How are you holding up?

Written by Trace Haythorn

Filed under: News

Today we honor the life and legacy of the Rev. Dr. Martin Luther King, Jr. While many of you will continue to serve in the midst of this pandemic, others will volunteer in communities, making his dream of the Beloved Community one step closer to reality. In light of the last few weeks - months - years - even decades - God knows we need the spirit and intentions of leaders like Dr. King to come alive in ways that crosses borders and bridges, heals and unties, transforms and reimagines what we might yet be as neighborhoods and nations.

We’ve been thinking about so many of you over these last several months, wondering how you are doing, how you are holding up, how you are guiding your students through the dual pandemics, how you are integrating our political unrest into your educational programs (for surely it is on the hearts and minds of those with whom you serve). “How are you holding up?” seems to be a question on every phone call these days. We are so grateful for the community of support this association provides for its members, the ways you care for one another, the ways you model that care for your students and the communities you serve.

Some of you have experienced incredible transitions during these many months, moving to new jobs, sometimes having to move your homes as well. There are so many new precautions, sometimes simply slowing down these transition processes, sometimes making them feel like bureaucratic messes. And yet you still find your way, you still serve, you make it work.

I’ve thought a lot about the new chaplain to the US House of Representatives, Margaret Kibben. Kibben is a rear admiral and was the first woman to head the chaplain corps of the Navy and Marines. Her first week as the new House chaplain was also the week of January 6, a day that will forever change our understanding of our country. After opening the session that was for the counting of electoral college votes, Kibben found herself praying with members of the house, staffers, and other employees throughout the day. As one who has served in active combat settings, she knows what it is to be in the “theater of war.” And yet with a steady, grounded, faithful hand she sat, stood, walked, and even crawled with people through these horrific moments. Her first week was nothing short of incredible.

I have had friends describe me as pathologically hopeful. I receive that description as a compliment, though I must admit hope feels hard right now. Living and serving in Georgia, we have experienced an additional level of scrutiny here that has made people who would ordinarily be unknown public servants suddenly heroes and pariahs. In so many ways, I wish we could bring the whole country into an extended IPR to process what’s happening here.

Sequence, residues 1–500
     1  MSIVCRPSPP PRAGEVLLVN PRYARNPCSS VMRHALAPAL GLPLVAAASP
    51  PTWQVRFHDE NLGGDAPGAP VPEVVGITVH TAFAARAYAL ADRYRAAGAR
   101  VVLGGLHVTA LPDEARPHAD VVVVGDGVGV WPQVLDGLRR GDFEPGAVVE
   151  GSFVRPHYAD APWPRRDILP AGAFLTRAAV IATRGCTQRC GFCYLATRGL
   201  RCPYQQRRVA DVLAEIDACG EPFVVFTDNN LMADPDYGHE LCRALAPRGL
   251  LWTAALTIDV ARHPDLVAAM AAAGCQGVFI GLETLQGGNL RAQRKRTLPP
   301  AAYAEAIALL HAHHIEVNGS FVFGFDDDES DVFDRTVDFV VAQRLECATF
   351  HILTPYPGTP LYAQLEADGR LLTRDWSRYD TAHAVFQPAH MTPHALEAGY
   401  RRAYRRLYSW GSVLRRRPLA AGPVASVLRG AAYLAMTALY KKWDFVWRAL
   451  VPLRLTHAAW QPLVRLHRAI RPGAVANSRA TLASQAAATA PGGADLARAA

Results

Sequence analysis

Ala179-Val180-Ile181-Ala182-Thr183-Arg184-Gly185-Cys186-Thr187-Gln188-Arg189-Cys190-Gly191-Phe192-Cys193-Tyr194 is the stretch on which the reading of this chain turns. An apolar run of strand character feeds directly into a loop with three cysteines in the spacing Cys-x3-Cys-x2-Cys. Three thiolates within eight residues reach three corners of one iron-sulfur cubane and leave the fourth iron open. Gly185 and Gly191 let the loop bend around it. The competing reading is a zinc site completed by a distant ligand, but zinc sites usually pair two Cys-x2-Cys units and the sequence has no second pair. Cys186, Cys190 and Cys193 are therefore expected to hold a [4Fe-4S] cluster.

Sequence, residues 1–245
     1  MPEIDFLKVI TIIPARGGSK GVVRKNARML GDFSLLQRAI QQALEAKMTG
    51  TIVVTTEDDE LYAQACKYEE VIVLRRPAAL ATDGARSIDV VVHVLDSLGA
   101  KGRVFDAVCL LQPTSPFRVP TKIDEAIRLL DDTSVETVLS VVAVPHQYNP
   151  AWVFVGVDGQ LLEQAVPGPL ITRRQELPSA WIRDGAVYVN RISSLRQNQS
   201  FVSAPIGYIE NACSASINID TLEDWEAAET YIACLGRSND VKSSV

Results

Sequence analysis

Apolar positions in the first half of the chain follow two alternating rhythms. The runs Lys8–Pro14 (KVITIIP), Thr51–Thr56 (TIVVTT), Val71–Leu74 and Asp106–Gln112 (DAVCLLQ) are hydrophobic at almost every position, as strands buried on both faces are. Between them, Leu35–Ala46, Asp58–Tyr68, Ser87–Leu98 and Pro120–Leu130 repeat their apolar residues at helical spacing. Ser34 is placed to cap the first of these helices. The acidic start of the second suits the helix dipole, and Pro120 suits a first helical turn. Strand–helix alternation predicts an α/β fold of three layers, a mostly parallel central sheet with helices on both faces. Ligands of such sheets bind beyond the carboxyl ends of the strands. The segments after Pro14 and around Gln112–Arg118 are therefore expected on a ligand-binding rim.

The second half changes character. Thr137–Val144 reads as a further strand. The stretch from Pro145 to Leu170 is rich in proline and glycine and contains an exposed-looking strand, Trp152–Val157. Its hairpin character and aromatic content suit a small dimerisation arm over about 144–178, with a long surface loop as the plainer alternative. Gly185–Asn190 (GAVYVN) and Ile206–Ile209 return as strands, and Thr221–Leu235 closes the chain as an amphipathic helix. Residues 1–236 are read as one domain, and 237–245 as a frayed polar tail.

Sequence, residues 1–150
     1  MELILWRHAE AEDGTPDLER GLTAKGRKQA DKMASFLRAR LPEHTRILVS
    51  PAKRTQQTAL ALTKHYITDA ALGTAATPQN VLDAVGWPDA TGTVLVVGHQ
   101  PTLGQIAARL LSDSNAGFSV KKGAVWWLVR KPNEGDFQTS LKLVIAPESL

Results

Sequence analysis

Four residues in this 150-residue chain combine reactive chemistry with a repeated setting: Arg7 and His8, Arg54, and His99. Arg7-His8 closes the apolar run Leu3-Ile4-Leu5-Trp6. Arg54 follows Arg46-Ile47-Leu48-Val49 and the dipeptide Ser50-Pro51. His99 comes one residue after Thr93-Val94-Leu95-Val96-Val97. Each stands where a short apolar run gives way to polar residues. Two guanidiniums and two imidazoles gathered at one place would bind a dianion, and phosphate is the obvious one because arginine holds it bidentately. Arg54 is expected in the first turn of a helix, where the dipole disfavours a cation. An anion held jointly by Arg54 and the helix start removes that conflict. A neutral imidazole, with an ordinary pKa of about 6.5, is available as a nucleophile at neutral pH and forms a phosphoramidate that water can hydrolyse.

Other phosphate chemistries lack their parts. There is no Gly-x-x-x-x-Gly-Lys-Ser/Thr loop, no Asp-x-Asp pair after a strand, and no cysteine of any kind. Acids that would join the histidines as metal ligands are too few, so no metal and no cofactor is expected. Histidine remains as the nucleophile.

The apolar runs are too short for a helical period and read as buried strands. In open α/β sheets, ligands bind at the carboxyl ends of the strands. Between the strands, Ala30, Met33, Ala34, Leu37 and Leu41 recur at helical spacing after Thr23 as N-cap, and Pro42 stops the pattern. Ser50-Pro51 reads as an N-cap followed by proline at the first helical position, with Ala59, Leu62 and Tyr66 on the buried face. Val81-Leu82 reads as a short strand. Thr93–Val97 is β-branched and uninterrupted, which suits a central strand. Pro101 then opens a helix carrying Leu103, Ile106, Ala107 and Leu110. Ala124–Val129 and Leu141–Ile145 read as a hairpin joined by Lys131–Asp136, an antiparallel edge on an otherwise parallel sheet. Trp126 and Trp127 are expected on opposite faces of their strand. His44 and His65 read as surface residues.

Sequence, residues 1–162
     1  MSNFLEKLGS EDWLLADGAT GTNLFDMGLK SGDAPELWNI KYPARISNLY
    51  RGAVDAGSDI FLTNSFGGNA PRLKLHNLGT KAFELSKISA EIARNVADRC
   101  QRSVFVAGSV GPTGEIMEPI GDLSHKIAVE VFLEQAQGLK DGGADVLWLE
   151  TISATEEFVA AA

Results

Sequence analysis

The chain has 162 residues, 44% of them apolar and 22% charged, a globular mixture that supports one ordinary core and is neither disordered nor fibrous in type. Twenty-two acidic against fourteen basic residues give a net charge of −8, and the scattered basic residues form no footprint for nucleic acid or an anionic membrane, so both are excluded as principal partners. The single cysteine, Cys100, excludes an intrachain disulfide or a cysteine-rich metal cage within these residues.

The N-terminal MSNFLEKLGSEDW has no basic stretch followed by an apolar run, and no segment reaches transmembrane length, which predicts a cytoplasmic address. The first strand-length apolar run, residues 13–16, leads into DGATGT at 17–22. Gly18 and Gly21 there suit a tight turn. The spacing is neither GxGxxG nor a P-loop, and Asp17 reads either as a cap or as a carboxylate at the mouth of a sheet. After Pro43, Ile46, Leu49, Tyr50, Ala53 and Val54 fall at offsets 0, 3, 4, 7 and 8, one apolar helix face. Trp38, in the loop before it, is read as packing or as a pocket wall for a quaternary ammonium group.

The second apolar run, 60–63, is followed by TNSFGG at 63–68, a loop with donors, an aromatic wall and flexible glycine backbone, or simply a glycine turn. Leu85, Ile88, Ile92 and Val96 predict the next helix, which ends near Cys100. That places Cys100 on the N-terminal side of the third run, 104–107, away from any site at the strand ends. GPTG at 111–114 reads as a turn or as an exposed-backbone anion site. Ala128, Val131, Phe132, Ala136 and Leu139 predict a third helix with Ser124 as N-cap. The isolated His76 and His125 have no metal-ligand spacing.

I offer that idea somewhat tongue in cheek, but I also offer it with a recognition of how important your roles as counselors, educators, and students of spiritual care are in this historical moment. We’ve had difficult moments before, but the sense of some deep fracture in the foundation of our country in the midst of two pandemics – how do we go forward from here? What does the other side of this moment look like for our nation? For our communities? For our ACPE?

This is a time that needs your wisdom, your leadership, your compassion and your commitments to integrated inclusion. I know many of you are exhausted. I know many are worried about jobs, health, and family. And I know that all of you have the kinds of reflective leadership skills that we so desperately need in this moment.

How will you bring those skills into the commons, not just to advance professional spiritual care, but to demonstrate in ways that, as one writer describes, we can engage in the new reconstruction, a new way of being together, one that just might be defined by the existential hope that lies at the very heart of our shared work?

I enjoyed teaching last week in the DMin program at Ecumenical Theological Seminary about leadership and change. I was reminded several times about the role history, culture, and hermeneutics play in our meaning-making processes. ACPE has always prided itself in being more of a movement than an association. How can you make that history a reality today in your community?


Trace Haythorn is the Executive Director of ACPE and can be reached at